Harper’s end run around democracy
TheStar.com – Opinion/Readers’ Letters
Apr 08 2014. Geoffrey Kemp
Stephen Harper’s need to hastily do an end run around democracy is doubtless caused by the dubious actions of those he chooses to surround himself with, other examples of his poor judgment and the declining Conservative poll numbers.
If passed unchanged, Bill C-23, the Fair Elections Act, will allow MPs to sit in the House while their election expenses are contested. It exposes and compounds a weakness in the Canada Elections Act, at times when a majority government may be elected with a very small plurality or the combined opposition have a small majority.
Currently, if an MP and the chief electoral officer disagree on an MP’s election expense return, the Canada Elections Act provides that the MP can no longer sit or vote in the House of Commons until the expense return is changed to the chief electoral officer ’s satisfaction, although the report is not due for several months after election day.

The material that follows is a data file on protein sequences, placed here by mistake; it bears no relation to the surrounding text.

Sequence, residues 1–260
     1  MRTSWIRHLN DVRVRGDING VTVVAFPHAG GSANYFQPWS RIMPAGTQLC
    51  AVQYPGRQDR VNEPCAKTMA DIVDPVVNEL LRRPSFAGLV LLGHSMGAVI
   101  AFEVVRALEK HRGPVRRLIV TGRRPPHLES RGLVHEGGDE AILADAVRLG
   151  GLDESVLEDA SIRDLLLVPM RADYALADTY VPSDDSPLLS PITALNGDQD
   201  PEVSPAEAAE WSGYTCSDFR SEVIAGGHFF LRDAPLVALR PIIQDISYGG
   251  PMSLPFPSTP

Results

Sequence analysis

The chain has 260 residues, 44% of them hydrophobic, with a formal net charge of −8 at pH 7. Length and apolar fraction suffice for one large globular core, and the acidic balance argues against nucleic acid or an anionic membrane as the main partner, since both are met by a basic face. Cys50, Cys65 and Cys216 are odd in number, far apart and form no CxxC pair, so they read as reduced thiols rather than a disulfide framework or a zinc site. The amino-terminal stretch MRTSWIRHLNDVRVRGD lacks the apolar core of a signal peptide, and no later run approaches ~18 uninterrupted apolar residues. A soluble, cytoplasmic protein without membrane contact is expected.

Bill C-23 allows the MP to continue sitting until a judge has ruled on the dispute and further states: “The removal of a democratically-elected MP reverses the decision of tens of thousands of voters. No one should have the power to reverse a democratic election without first convincing a judge.” If an MP’s election expenses are found to be non-compliant with the election act, by definition they were not democratically elected and have deprived tens of thousands of voters their representation of choice.
Peter Penashue, Dean Del Mastro, Shelly Glover and James Bezan are four of Harper’s MPs who faced exclusion from the House having failed to comply with or refused to supply information required under the Canada Elections Act.
In close minority government situations, the ability of “false MPs” to sit in the House while their validity is being questioned could be the factor deciding who forms the government and becomes PM. One seat can make the difference. Remember how important Chuck Cadman’s legitimate single vote was perceived by Harper.
Instead of slowing down the review of a candidate’s election expenses, someone who is truly interested in removing the possibility of election fraud would be making changes to speed up the validation of those expenses. Bill C-23 should be withdrawn.
Geoffrey Kemp, Mississauga
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